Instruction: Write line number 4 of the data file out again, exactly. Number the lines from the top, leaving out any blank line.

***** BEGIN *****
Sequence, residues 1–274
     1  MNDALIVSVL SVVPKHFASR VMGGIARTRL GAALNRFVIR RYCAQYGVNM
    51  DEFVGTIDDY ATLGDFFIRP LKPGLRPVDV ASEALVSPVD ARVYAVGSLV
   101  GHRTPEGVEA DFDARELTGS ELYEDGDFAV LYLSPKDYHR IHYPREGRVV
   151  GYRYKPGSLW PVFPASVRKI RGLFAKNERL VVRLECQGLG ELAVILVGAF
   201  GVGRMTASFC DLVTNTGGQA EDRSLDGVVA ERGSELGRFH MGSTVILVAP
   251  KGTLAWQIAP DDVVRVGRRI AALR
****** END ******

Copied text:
   101  GHRTPEGVEA DFDARELTGS ELYEDGDFAV LYLSPKDYHR IHYPREGRVV